The stock market does not turn on a dime… at least historically that’s been the case. There was always a distinctive topping process going on before the bear finally struck. In every case you can look back and detect the same pattern: a marked deterioration of market internals and of interest rate based indicators before any crash so, if history is our guide, we should not expect this time to be different. So, what should we look for?
The comments above & below are edited ([ ]) and abridged (…) excerpts from an original article by Claus Vogt (moneyandmarkets.com)
I think chances are very good that we’ll get some of the typical indications of an imminent bear market before this medium-term up trend that began in March 2009 is over. To pick up on those indications when they start flashing warning signals of a trend change, I’m closely watching for deterioration in three major areas:
Warning Signal #1: Macro-Economic Deterioration
The Conference Board’s Index of Leading Economic Indicators (LEI) has an outstanding track record in giving warning signs of an imminent recession – and when it does, you can expect that a severe bear market is in the making. This indicator continues to rise and these strong readings signal a continuation of the economic rebound for at least another two quarters. No worries here.
Warning Signal #2: Monetary Deterioration
Interest rates and monetary growth have a huge influence on the stock markets and strongly rising rates are bearish, especially short-term ones and with the Fed making it clear that it will keep short-term interest rates very low for an “extended period of time” there is no warning signal here.
With long-term rates the picture is more problematic. 10-year Treasury bond yields have clearly risen from the panic lows reached in December 2008 and have trended sideways since then. Should 10-year Treasury bond yields rise above the June 2009 high of 4 percent for a few months, we can expect problems for the stock market – and I predict they will rise during the coming months. For the time being, however, no warning signal is being given.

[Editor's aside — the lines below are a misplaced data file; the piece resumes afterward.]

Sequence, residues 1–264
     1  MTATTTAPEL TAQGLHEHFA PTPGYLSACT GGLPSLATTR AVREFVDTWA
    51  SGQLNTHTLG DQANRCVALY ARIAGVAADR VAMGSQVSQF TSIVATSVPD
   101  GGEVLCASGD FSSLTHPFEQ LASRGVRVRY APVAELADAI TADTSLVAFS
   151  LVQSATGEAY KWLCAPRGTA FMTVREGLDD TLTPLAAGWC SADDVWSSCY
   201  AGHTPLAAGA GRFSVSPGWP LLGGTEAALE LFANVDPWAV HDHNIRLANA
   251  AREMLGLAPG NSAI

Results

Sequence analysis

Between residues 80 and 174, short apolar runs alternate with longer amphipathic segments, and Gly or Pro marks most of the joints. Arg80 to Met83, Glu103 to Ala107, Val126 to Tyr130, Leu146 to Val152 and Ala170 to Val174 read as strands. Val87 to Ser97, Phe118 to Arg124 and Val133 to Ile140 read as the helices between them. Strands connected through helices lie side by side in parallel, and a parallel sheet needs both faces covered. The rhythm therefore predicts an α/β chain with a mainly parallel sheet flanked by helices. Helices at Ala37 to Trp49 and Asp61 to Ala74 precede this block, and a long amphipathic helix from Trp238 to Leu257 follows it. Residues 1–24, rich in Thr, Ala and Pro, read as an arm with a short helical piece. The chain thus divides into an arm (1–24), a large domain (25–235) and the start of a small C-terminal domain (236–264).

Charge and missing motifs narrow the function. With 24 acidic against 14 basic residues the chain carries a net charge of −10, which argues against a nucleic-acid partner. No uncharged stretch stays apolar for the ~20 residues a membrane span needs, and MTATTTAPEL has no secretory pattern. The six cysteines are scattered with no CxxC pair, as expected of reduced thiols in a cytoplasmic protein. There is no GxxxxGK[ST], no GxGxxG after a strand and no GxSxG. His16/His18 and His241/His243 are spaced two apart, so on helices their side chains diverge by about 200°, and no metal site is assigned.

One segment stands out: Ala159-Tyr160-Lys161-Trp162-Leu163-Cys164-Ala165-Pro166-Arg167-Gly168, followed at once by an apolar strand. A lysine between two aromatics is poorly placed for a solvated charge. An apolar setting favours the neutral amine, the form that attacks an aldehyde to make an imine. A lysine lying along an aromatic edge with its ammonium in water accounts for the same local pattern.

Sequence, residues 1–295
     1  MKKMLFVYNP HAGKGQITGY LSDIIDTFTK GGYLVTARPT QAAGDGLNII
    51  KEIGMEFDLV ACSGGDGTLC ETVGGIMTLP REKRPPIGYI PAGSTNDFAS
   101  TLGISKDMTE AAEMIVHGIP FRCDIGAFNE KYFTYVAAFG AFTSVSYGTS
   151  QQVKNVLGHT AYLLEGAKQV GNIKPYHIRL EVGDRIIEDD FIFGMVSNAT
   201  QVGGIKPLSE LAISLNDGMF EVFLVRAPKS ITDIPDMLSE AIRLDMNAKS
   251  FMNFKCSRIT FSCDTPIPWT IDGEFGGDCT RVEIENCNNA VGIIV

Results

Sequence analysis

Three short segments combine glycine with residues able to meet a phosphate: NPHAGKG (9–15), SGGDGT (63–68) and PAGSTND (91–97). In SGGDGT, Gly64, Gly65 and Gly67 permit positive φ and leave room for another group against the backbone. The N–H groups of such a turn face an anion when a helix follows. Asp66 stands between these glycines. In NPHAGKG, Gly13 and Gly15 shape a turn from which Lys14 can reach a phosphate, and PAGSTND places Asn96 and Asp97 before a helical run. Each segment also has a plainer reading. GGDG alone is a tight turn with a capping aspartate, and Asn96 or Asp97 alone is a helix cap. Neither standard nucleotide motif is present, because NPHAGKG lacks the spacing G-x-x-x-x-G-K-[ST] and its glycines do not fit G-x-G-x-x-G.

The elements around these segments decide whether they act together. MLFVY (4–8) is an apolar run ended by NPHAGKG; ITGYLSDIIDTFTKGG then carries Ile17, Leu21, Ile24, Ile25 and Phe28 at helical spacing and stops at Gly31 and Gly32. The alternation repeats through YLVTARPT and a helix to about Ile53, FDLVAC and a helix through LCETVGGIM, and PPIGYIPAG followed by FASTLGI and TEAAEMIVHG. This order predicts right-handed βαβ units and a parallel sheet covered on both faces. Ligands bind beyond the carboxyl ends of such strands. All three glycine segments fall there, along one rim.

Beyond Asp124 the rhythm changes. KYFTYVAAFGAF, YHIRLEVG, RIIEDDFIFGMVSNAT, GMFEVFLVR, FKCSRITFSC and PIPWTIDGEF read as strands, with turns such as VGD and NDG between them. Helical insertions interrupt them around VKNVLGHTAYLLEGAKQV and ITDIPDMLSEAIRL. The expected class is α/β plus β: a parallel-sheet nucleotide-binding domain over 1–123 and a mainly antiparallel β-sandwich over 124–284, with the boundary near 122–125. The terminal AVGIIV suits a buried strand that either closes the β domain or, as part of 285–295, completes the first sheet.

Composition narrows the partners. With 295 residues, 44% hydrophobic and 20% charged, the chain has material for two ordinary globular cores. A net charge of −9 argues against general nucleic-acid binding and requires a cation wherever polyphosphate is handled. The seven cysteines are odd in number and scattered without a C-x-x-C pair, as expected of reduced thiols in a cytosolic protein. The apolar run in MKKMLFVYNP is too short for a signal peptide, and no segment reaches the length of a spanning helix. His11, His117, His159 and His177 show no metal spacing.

As an answer to the crisis in 2008 the Fed started printing money like there was no tomorrow. Consequently, monetary aggregates skyrocketed with double digit year-over-year growth rates. Additional liquidity pushes prices up, which could fuel a bull market. However, this very high monetary growth has come down remarkably. This is an early warning sign, but not yet severe. The time lag between monetary changes and changes in the financial markets or even the economy are long. Only if the deterioration in monetary growth continues during the coming months would a clear warning signal be given.
Warning Signal #3: Technical Deterioration
There are many technical indicators to watch for a trend change. Four of the most important are:
1. the 200-day moving averages,
2. market breadth,
3. new highs and new lows, and
4. investor attitudes toward the market.
None have shown any signs of deterioration and, as such, these important technical indicators have not given any warning signals yet.
As mentioned in the opening paragraph there was always a distinctive topping process going on before the bear finally struck – a marked deterioration of market internals and of interest rate based indicators – but such have not happened to date but is something to watch out for in the months to come.
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